Written by Matt Johnson
A quick search of “Define Creativity” returns “the use of imagination or original ideas to create something; inventiveness”. You may also link it to innovation, lateral thinking, thinking outside the box and many more terms that mean a similar thing.
But why am I writing about it?
Well, I think it’s one of the most important skills in the modern workplace. And I’m not the only one. Indeed, WeWork, Forbes and LinkedIn have all written about its importance.
When people take about employability and the soft skills that go along with that, we tend to focus on the likes of communication, time management and teamwork. Creativity was seen as more of a hard skill, linked to the creative industry.
But the tide is turning. Creativity is, in my opinion, becoming a core skill everybody in the workplace will need in the years to come.
Why is creativity so important?
First off, there’s the competitive advantage it creates. This is probably the most obvious benefit but, by being creative, individuals and organisations can create opportunities to differentiate themselves from their competitors. Ikea’s flat-pack furniture, Apple’s touchscreen interface and Tesla’s focus on electric vehicle design and engineering have all led to these respective brands capturing a core part of their market.
Another area that creativity will play an important role, which we’ve written about before, is in the growing artificial intelligence landscape. With the rise of AI tools such as Chat GPT, functional, output-based tasks may be at threat. But, the differentiating factor between tools such as Chat GPT and human beings is creativity.
Having seen the tagline “Romaine Calm” as part of an ASDA advert showcasing lettuces at the same time as the fruit and veg shortage, an inquisitive copywriter challenged Chat GPT. With the prompt “Write a funny 2-word newspaper advert for a supermarket that is reactive to a lettuce shortage in the UK” the AI tool produced “Lettuce who?”. Not quite on the same level as “Romaine Calm”.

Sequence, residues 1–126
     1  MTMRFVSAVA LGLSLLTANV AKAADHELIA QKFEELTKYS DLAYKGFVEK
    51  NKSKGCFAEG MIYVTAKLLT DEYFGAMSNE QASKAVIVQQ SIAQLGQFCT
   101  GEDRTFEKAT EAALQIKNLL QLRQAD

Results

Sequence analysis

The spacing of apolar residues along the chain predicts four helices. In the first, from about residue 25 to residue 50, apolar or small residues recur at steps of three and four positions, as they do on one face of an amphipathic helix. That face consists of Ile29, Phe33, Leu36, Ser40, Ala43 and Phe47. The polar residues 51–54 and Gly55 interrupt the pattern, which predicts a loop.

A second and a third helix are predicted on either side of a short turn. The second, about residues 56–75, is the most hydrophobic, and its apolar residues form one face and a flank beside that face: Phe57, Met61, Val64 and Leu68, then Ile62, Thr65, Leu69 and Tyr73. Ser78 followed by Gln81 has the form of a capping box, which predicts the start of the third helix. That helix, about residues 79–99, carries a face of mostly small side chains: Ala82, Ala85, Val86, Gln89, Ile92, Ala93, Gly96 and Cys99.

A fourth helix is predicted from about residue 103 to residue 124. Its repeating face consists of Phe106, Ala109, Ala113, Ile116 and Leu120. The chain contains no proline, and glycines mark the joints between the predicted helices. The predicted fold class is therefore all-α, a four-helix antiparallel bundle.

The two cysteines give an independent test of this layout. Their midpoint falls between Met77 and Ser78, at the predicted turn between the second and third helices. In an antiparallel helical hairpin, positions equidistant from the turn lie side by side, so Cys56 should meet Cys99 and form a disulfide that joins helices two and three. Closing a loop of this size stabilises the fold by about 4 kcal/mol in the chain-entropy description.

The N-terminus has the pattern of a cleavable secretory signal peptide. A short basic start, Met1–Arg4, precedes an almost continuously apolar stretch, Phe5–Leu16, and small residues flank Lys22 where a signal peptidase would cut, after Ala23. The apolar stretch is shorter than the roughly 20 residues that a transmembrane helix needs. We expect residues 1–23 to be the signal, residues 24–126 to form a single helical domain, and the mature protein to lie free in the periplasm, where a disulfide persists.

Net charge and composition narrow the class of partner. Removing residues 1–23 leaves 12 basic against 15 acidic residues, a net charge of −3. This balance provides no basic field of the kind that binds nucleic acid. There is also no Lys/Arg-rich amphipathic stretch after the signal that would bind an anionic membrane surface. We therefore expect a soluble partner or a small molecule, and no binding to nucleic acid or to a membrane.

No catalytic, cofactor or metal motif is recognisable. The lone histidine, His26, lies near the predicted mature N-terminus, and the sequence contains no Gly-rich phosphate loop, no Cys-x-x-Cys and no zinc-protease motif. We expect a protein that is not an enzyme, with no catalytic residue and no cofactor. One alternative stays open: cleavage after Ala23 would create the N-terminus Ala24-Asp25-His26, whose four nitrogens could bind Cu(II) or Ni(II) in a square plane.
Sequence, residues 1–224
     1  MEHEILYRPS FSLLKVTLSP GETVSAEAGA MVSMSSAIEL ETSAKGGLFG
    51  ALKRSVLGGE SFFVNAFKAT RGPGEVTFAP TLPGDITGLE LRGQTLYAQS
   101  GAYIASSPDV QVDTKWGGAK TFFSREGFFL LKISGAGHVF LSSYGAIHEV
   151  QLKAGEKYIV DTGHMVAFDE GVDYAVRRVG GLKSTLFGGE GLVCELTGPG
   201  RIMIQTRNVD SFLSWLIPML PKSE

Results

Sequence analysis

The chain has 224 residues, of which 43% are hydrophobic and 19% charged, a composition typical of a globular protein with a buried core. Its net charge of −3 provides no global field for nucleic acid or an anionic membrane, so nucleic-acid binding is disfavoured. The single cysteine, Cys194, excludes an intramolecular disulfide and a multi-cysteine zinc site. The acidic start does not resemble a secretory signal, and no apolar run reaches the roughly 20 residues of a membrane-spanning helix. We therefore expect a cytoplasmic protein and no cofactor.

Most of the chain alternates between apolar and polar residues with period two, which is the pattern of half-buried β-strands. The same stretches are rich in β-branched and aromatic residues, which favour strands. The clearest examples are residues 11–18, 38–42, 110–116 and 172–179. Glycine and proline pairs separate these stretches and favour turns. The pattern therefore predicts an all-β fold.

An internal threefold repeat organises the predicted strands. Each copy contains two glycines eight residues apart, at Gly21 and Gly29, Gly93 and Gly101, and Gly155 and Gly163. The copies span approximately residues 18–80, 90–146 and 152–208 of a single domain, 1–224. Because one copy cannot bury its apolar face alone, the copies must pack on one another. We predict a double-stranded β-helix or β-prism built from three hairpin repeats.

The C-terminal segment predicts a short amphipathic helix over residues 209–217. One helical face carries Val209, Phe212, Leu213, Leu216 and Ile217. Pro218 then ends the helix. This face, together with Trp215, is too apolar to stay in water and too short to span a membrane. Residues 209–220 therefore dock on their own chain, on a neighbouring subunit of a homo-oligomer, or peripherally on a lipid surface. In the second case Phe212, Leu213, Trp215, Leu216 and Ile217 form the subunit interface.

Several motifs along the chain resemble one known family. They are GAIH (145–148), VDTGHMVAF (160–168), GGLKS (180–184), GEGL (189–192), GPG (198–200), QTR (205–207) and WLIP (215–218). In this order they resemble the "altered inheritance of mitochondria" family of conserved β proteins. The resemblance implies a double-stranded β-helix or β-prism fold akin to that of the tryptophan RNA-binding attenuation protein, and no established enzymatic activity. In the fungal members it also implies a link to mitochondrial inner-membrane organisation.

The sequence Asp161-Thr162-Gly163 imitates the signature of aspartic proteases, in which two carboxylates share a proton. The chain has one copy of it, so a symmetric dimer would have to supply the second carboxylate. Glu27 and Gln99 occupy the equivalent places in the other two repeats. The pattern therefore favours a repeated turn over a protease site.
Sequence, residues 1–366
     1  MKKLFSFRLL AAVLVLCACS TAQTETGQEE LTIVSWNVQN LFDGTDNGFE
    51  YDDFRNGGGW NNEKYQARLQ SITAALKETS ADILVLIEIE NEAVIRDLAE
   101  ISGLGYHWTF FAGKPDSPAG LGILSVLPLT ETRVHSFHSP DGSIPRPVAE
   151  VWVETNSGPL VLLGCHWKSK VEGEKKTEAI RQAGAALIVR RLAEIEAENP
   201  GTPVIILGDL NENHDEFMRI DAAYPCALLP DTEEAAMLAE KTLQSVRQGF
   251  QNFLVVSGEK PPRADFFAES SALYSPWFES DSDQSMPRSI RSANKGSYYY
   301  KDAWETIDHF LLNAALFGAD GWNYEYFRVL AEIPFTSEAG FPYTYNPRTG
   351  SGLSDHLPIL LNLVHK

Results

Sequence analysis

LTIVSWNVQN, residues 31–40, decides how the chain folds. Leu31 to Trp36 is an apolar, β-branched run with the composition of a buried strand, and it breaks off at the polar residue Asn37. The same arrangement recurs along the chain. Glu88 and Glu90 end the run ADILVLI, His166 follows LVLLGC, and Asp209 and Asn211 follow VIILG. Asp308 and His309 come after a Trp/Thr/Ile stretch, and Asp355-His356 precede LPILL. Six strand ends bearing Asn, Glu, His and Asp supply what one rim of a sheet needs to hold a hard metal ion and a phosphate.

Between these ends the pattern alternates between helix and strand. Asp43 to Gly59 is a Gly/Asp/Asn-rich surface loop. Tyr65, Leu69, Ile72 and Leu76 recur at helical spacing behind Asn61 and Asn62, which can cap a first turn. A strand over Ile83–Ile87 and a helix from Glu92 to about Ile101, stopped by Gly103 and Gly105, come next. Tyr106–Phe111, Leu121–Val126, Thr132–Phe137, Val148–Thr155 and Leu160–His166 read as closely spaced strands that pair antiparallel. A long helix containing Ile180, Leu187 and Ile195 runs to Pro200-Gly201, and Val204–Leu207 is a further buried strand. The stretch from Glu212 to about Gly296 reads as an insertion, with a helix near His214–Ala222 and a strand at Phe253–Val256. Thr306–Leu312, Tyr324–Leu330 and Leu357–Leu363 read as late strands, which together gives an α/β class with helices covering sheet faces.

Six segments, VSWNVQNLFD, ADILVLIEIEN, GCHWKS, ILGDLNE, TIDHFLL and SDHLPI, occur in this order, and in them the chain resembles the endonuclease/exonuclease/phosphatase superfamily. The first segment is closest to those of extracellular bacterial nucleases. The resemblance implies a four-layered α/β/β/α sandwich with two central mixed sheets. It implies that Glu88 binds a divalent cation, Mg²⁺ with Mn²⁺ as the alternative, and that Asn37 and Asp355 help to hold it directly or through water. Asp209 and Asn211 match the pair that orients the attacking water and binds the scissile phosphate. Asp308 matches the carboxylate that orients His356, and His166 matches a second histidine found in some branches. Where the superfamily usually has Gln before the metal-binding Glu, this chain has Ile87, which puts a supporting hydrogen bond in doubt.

One other reason creativity is so important is its ability to save money. By looking beyond the obvious, many brands have found creative and cost-effective ways to grow their business. Within the most recent Resonator newsletter, we featured two brands that have done just this. One of which is Triangl Swimwear which was looking to break into the US. The brand identified Kendal Jenner as a key influencer for the target market and wanted to get her to wear their product. Unfortunately, she was too expensive. So, instead, they did some research, identified 6 of Kendall’s closest friends and sent them the product. Lo and behold, Kendall reached out to the brand and requested some of the product herself. With a little bit of creative thinking, Triangl had its top target wearing its product.
I hope it’s clear that creativity is the key to business success moving forward. As I’ve written about before, creativity doesn’t have to be revolutionary to make a significant impact. But, with everybody embracing it and embedding it into their work, we could see real gains.
That’s not to say the more traditional soft skills of communication, time management and teamwork are not important. If anything, I think they’re a given. This is about promoting the case for creativity to become one of those core soft skills.
In the meantime, creativity will be the currency by which we trade. Organisations and individuals that showcase creativity will have the edge. The challenge we face is how do you sell creativity without giving away your value upfront. Stories, such as those about BrewDog who reportedly stole marketing ideas from interviewees, obviously, worry people. But these are hurdles we have to overcome as creativity becomes the only currency left.